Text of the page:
Rapid genetic identification and mapping of enzymatically amplified ribosomal DNA from several Cryptococcus species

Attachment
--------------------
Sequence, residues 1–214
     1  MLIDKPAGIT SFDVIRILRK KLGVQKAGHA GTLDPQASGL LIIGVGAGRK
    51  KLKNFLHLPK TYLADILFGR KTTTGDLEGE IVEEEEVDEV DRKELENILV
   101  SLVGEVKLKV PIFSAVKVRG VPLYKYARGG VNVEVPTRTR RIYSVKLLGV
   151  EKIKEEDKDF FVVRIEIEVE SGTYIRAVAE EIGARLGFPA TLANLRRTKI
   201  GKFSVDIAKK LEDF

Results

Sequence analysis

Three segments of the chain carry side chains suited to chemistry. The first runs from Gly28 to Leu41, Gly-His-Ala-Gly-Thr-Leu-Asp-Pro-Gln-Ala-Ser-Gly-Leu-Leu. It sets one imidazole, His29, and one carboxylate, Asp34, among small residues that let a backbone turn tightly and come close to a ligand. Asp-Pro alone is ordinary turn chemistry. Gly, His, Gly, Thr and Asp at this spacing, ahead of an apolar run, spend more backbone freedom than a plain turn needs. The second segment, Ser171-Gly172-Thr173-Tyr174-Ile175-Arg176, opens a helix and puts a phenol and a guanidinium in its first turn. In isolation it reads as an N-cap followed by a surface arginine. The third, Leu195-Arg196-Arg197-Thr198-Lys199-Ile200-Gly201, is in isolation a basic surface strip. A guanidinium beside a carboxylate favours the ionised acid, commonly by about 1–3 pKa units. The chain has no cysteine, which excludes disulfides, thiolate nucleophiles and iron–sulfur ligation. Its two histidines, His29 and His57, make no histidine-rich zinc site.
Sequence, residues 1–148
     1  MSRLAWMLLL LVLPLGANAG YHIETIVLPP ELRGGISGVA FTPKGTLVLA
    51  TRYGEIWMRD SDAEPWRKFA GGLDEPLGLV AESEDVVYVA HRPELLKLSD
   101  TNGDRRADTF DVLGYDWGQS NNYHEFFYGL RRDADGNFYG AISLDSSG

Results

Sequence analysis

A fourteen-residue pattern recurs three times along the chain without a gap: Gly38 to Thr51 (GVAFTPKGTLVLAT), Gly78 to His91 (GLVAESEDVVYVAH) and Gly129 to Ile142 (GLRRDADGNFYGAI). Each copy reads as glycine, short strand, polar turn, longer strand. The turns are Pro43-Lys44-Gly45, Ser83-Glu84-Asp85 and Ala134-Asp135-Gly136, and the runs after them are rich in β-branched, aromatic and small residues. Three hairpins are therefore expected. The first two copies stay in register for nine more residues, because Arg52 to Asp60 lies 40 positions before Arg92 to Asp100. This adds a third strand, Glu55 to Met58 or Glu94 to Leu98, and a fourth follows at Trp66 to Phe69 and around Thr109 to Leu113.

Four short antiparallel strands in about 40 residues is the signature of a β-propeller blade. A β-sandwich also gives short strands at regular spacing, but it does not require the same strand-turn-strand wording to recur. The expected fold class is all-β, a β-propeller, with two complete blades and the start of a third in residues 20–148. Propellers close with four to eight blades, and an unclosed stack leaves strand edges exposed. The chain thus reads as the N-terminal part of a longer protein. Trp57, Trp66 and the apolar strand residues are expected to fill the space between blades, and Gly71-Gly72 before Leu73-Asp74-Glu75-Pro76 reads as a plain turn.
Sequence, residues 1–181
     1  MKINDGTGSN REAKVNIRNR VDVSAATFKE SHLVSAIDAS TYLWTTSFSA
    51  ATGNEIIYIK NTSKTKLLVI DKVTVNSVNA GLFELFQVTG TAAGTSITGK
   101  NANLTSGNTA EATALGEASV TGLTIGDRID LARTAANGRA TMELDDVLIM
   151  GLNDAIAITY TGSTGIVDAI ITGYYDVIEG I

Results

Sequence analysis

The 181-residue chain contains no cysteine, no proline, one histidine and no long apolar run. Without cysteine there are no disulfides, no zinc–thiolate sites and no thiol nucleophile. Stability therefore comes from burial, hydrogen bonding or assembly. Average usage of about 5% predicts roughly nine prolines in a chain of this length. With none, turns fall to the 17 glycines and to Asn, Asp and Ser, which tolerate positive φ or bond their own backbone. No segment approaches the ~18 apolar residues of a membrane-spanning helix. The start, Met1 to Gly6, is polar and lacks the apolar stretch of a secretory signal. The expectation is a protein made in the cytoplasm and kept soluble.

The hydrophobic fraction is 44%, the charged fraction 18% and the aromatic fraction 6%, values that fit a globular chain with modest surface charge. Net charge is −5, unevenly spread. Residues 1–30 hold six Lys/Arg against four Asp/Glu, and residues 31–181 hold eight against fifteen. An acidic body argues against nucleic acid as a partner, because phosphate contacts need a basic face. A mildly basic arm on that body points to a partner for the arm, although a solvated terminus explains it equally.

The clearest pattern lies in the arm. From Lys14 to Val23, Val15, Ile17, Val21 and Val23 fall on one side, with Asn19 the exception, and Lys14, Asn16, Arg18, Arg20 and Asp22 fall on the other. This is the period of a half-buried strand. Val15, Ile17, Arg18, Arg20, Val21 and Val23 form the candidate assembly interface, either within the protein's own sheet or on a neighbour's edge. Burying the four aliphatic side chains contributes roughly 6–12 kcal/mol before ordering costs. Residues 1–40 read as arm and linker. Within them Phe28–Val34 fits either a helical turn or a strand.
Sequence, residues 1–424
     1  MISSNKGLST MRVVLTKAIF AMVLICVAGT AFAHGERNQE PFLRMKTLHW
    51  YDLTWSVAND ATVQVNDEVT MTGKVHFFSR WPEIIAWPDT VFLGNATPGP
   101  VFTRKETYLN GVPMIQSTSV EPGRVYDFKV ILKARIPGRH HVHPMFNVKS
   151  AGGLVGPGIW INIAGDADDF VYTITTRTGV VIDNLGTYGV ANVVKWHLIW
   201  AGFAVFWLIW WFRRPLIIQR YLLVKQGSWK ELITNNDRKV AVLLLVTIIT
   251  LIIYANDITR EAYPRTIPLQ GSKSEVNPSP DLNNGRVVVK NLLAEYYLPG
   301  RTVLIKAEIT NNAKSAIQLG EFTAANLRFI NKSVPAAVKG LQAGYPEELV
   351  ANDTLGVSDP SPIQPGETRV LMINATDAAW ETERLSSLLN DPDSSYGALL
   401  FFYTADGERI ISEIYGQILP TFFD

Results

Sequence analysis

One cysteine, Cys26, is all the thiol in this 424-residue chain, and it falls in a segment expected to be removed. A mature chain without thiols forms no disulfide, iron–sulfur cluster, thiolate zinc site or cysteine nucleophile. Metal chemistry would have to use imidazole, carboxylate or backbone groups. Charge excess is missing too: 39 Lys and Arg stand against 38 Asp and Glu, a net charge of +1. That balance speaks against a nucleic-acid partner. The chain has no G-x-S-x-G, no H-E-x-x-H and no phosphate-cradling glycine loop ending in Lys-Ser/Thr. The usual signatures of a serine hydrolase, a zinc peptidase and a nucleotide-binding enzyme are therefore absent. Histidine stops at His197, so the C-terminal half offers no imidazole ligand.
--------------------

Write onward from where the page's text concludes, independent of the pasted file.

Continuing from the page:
Detailed restriction analyses of many samples often require substantial amounts of time and effort for DNA extraction, restriction digests, Southern blotting, and hybridization. We describe a novel approach that uses the polymerase chain reaction (PCR) for rapid simplified restriction typing and mapping of DNA from many different isolates. DNA fragments up to 2 kilobase pairs in length were efficiently amplified from crude DNA samples of several pathogenic Cryptococcus species, including C. neoformans, C. albidus, C. laurentii, and C. uniguttulatus. Digestion and electrophoresis of the PCR products by using frequent-cutting restriction enzymes produced complex restriction phenotypes (fingerprints) that were often unique for each strain or species. We used the PCR to amplify and analyze restriction pattern variation within three major portions of the ribosomal DNA (rDNA) repeats from these fungi. Detailed mapping of many restriction sites within the rDNA locus was determined by fingerprint analysis of progressively larger PCR fragments sharing a common primer site at one end. As judged by PCR fingerprints, the rDNA of 19 C. neoformans isolates showed no variation for four restriction enzymes that we surveyed. Other Cryptococcus spp. showed varying levels of restriction pattern variation within their rDNAs and were shown to be genetically distinct from C. neoformans. The PCR primers used in this study have also been successfully applied for amplification of rDNAs from other pathogenic and nonpathogenic fungi, including Candida spp., and ought to have wide applicability for clinical detection and other studies.
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